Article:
Gassing Your Crystals
By Derek Lowe 12 January, 2011
“Now, this is a pretty neat trick. One of the things that drug development people have to worry about a lot is the crystal forms of the new compound. You might imagine (if you haven’t had to do this stuff) that if a compound is crystalline, then that’s that – you’ve got the solid form now, and full speed ahead.
But many substances can crystallize in all sorts of forms – here’s one with at least seven different solved crystal structures (and it has more that haven’t yielded an X-ray structure yet). By the time you bring in solvates, where the molecule crystallizes along with the solvent it was last in, or with water dragged in from the air, or what have you, you can go well up into the double digits, and we haven’t even begun talking about salt forms yet. Each one of those starts the whole counter running all over again. These polymorphs have different melting points, different rates of dissolution, and different behavior when they hit the stomach, and these are all things that you have to worry about.
There have been several real holdups in the drug industry, where a compound that had been developed as one form suddenly decided that it would rather be another one when the chemistry was scaled up. That blows out all the blood levels and dosing protocols that were worked out before. Sometimes the new form can be used, once all the data are re-acquired, but sometimes it turns out to be unusably worse than the old form. The challenge then is: how do you get it to be one rather than the other? And how can you be sure that it’ll happen every time?
So we’re always interested in ways to make molecules take on different crystal forms, and in ways to make them switch from one to another. That’s where this latest paper comes in. They’ve found that you can expose solvated crystals to pressurized carbon dioxide gas and alter the crystalline forms. The gas molecules work their way into the crystal lattice, displace the solvate molecules, and then when the pressure is taken off, they work their way back out again (or can be persuaded to with a little heat). It’s an ingenious idea, and you can bet that development scientists all over the industry have saved copies of this paper already. We need all the help we can get!”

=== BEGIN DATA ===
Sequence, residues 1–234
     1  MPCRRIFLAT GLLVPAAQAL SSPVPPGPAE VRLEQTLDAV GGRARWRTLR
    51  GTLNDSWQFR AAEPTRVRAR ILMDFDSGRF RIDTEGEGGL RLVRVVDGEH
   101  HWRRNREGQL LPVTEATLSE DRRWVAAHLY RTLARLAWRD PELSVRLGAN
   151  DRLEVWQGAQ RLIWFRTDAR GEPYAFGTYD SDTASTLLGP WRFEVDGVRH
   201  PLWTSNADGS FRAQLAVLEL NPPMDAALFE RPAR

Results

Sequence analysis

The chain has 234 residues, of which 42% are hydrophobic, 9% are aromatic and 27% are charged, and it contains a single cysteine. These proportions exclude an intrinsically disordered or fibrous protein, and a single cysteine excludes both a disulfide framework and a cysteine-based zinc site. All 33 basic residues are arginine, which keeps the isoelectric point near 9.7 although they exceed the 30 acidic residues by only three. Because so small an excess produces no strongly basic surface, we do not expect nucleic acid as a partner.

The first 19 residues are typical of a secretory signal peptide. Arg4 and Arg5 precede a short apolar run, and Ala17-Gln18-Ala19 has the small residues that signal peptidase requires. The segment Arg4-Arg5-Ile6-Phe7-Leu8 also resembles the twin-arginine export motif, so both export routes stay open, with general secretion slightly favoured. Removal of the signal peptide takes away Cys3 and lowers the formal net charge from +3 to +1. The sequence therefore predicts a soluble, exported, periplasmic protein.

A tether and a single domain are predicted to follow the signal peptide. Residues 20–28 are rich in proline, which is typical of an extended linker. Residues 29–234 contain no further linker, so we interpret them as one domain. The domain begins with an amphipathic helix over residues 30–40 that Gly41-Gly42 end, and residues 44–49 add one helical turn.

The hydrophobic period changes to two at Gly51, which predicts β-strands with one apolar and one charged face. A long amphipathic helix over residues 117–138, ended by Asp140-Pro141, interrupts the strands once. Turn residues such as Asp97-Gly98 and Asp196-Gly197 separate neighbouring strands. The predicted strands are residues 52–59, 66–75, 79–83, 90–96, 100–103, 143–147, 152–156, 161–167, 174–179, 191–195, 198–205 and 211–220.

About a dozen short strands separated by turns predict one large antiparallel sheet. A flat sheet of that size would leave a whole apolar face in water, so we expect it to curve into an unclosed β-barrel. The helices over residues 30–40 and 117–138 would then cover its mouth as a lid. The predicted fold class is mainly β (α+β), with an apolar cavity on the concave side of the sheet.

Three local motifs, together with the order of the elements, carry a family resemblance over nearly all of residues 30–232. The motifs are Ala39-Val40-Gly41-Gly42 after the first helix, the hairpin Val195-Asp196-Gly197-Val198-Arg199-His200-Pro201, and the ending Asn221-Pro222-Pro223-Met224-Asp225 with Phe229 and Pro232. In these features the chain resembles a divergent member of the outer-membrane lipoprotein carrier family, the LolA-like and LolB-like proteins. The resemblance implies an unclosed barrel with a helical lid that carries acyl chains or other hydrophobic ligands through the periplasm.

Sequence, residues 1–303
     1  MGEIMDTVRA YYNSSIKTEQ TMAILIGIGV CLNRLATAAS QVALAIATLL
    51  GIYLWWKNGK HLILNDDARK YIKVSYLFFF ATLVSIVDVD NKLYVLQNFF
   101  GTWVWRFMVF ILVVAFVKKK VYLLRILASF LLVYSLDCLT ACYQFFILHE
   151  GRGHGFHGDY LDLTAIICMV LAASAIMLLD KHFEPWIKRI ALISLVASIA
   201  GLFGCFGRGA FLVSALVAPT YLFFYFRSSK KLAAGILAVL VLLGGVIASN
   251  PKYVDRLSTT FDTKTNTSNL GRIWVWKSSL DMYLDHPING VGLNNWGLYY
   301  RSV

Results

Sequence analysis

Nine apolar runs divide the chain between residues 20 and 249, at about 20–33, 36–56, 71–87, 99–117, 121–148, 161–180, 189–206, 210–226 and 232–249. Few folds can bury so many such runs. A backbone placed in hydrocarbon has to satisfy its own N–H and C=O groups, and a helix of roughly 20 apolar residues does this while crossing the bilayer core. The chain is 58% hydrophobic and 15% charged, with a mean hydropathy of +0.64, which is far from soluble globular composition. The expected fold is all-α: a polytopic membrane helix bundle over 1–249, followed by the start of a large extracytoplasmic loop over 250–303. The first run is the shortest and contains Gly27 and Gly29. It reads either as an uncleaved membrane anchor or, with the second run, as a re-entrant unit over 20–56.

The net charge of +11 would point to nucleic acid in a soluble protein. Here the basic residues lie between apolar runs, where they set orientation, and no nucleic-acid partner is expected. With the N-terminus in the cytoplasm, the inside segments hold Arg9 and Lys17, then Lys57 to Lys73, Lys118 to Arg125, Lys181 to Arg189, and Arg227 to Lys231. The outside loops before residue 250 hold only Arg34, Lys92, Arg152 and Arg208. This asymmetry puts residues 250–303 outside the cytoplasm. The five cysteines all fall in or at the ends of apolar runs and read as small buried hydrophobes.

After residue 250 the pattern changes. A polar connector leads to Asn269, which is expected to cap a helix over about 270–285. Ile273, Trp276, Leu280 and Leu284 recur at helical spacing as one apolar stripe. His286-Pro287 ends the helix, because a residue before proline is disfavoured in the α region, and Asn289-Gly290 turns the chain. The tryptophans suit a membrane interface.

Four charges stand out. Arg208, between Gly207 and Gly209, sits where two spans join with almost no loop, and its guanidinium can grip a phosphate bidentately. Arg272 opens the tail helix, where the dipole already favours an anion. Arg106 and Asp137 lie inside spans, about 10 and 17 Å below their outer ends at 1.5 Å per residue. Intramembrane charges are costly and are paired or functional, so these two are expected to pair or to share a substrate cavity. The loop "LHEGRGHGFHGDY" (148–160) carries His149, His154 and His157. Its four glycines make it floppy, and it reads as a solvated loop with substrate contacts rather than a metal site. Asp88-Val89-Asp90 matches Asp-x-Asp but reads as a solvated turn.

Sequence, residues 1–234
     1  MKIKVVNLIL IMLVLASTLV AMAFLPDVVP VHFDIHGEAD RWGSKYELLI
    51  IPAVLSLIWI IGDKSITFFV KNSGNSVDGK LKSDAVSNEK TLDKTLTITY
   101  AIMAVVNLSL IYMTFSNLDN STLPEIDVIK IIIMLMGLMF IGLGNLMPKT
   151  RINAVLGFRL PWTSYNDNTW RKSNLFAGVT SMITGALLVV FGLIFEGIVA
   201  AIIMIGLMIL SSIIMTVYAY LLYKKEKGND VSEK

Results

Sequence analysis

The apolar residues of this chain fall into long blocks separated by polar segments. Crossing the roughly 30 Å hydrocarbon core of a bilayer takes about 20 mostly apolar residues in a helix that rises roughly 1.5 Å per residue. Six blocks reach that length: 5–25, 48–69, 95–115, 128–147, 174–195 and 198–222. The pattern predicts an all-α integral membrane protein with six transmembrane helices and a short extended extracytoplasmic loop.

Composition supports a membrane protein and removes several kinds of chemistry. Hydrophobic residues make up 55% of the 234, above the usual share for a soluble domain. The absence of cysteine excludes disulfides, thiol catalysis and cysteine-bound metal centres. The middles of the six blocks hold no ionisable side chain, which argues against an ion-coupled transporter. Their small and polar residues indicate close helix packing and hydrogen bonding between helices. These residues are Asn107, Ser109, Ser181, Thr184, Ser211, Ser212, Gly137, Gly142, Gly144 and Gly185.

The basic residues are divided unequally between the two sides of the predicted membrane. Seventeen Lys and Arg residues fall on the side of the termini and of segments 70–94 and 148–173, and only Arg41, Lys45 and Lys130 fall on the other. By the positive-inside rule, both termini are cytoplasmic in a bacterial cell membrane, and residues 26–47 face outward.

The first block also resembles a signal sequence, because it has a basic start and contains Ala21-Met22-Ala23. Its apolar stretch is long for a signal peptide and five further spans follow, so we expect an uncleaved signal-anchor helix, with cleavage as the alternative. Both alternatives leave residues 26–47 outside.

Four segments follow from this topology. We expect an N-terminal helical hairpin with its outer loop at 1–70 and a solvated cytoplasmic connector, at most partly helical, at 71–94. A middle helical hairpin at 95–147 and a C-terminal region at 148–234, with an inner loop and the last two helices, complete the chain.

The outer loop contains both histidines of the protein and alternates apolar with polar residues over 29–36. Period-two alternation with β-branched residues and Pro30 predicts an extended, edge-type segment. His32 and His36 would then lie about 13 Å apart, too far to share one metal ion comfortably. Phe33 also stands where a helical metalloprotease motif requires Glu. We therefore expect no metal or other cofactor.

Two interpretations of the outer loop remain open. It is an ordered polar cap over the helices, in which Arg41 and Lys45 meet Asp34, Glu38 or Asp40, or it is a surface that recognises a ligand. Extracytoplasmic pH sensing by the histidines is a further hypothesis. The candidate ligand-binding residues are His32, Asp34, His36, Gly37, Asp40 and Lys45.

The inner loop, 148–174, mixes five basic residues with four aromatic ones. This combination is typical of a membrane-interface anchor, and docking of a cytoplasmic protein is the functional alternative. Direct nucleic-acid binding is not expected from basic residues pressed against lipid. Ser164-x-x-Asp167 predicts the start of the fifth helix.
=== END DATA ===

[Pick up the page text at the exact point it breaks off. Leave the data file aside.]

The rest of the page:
A New Strategy of Transforming Pharmaceutical Crystal Forms
The robust nature of network materials allows them to (for example) respond to external stimuli such as pressure, temperature, light, or gas/solvent adsorption and desorption. There is difficulty in retaining long-range order in purely molecular organic solids, due to weak intermolecular interactions such as van der Waals forces. Here, we show gas-induced transformations of the well-known pharmaceuticals clarithromycin and lansoprazole. For clarithromycin, the stimulus is capable of converting the kinetic solvate and guest-free crystal forms to the commercial thermodynamically stable polymorph with a huge saving in energy cost relative to industrially employed methods. The synthesis of the marketing form of lansoprazole involves a solvate that readily decomposes and that is stirred in water, filtered, and dried intensively. Our method readily circumvents such synthetic problems and transforms the sensitive solvate to the marketed drug substance with ease. Such expedient transformations hold great implications for the pharmaceutical industry in general when considering the ease of transformation and mild conditions employed.